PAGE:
Research programme to model impact of solar radiation management

Two women preparing concepts for climate protection at a desk.

A new £10.5m, five-year research programme will deliver independent risk-risk analyses to inform policymakers in the area of solar radiation management (SRM).

Falling short of global temperature targets

Current climate mitigation efforts are widely acknowledged to fall short of keeping global mean temperatures below the Paris Agreement of 1.5 to 2°C above pre-industrial levels, the target to limit societal and ecological impacts.

In response, more extreme intervention ideas have proliferated but with varying levels of uncertainty around the impact these interventions, including SRM approaches, might have on Earth system responses.

There is now a need to consider the risks and potential detrimental impacts of implementation at scale of SRM approaches to control Earth system temperature.

These risks and impacts will be considered in the context of the detrimental impacts of Earth heating under climate change.

Modelling environmental responses to SRM

The Natural Environment Research Council (NERC) Modelling Environmental Responses to Solar Radiation Management programme will invest £10.5 million over five years.

The research programme will deliver independent risk-risk analyses, which will provide evidence in the newly expanding SRM arena.

The programme will deliver cutting-edge environmental science via four themes, through modelling and laboratory work only. Outdoor deployments will not be supported.

The themes cover the breadth of potential SRM approaches and take learning from adjacent areas and existing data. They will cover:

  • better understanding of the climate impacts of stratospheric aerosol intervention
  • better understanding of the climate effects of marine cloud brightening
  • using natural analogues and mining of existing data to understand SRM
  • novel SRM techniques, such as understanding the climate impacts from (to date) lesser studied SRM techniques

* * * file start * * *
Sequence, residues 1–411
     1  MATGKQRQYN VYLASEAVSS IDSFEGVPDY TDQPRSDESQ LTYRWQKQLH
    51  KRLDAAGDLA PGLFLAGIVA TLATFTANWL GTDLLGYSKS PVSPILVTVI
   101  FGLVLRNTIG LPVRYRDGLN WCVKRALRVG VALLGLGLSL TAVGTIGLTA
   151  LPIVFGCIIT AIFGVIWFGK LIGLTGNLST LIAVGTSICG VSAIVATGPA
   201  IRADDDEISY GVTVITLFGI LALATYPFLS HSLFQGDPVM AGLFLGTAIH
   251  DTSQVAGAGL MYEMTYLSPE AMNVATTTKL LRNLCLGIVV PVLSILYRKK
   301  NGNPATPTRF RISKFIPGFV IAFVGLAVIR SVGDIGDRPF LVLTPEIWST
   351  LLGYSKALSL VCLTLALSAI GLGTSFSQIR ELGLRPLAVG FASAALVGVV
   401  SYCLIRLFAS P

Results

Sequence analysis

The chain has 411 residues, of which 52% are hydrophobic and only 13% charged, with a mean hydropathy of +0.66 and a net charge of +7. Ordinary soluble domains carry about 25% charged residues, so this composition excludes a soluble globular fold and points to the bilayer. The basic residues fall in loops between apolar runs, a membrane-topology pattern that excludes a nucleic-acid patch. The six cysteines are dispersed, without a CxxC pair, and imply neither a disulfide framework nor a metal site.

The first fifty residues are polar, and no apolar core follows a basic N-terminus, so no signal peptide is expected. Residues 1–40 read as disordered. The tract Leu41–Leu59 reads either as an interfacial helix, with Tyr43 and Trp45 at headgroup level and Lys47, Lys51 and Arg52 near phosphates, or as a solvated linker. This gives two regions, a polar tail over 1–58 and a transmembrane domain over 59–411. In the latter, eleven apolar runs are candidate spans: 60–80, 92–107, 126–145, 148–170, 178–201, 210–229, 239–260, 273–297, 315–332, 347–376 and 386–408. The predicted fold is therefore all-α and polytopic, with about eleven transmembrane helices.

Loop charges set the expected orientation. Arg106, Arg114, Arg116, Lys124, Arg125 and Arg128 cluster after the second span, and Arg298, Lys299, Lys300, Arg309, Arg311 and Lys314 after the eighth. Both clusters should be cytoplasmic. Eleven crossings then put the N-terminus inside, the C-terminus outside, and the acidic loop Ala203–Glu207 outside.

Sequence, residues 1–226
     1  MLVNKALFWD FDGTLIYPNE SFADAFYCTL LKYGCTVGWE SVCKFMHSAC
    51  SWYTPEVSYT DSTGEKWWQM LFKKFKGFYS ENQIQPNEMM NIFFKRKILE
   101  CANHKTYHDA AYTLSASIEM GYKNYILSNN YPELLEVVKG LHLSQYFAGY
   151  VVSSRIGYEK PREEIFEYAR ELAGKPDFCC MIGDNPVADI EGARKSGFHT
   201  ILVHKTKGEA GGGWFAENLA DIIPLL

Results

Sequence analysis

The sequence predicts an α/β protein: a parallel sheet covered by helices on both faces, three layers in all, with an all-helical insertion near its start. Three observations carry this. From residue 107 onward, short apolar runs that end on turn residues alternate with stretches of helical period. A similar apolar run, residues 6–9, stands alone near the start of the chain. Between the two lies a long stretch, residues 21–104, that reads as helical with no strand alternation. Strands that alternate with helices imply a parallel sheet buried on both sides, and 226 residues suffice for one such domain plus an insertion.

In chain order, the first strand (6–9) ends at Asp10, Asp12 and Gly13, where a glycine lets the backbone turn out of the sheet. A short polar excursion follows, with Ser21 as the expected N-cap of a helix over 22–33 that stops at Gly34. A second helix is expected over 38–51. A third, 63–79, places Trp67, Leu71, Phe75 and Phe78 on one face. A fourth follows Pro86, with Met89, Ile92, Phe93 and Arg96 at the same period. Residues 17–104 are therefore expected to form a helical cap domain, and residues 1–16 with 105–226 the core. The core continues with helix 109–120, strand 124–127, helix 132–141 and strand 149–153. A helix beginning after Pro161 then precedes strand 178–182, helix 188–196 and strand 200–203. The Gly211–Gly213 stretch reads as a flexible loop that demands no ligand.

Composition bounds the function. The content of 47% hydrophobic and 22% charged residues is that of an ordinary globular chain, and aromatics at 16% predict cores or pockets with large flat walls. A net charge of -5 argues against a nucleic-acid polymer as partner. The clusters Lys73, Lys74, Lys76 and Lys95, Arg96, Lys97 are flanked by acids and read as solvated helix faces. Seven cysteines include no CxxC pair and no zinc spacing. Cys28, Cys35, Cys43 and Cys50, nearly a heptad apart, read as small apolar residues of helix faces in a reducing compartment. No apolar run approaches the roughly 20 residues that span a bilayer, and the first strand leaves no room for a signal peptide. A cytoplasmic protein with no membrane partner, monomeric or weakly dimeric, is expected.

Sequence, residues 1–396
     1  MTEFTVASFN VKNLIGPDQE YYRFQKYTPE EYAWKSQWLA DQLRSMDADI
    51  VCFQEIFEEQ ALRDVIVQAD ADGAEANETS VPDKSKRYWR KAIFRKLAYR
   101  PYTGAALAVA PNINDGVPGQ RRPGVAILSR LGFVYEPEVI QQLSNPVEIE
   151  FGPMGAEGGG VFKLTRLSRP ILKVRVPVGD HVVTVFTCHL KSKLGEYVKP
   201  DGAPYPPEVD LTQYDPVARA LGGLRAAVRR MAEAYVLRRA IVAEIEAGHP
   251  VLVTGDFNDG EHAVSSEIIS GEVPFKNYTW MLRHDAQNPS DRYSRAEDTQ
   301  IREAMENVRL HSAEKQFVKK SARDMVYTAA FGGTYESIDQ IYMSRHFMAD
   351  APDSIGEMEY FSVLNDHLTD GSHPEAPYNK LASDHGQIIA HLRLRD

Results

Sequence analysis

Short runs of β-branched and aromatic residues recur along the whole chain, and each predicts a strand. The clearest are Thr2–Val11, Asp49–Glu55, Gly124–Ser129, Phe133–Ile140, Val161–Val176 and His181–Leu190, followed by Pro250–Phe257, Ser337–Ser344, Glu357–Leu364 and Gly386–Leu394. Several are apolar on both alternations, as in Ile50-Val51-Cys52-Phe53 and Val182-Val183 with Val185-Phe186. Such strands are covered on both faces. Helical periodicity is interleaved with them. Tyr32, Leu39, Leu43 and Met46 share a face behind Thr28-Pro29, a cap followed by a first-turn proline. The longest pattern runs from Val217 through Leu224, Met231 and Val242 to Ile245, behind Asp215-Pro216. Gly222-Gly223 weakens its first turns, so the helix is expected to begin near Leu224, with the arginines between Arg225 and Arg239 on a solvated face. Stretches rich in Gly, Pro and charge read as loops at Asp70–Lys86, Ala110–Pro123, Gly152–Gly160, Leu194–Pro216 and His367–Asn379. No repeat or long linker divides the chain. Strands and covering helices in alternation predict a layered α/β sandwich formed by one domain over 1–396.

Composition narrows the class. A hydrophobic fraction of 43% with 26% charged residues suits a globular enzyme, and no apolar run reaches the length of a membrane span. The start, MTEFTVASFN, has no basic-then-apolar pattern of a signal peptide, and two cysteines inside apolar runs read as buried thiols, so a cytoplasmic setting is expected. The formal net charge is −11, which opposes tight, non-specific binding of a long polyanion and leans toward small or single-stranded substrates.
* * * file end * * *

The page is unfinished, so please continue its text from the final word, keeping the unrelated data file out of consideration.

NERC expect to release a funding opportunity for research in summer 2024.

Ethics and governance

It is recognised that SRM is considered to be controversial by some, and the programme will investigate this by including components on ethics and governance.

The public voice is also important and there will be opportunities for public dialogue and involvement within the programme so that this evidence is also included.

NERC’s investment in SRM modelling does not include deployment of SRM approaches and does not change our position on decarbonisation and working towards net zero.

Further information

This programme of independent research aligns with the government’s current position of not deploying SRM, but supporting research into the effects of SRM on climate and wider impacts.

This is distinct from the work of Advanced Research and Invention Agency (ARIA). The NERC programme is focused on innovative climate modelling, while ARIA’s programme is focused on researching new and existing technologies for climate and weather management. The NERC programme has been developed independently of ARIA’s work in this space. However, NERC will continue to engage with ARIA and other government bodies as this work progresses, as is routine in applied research.

This research programme is funded through the NERC strategic research and innovation budget.

Top image:  Credit: golero, E+, via Getty Images

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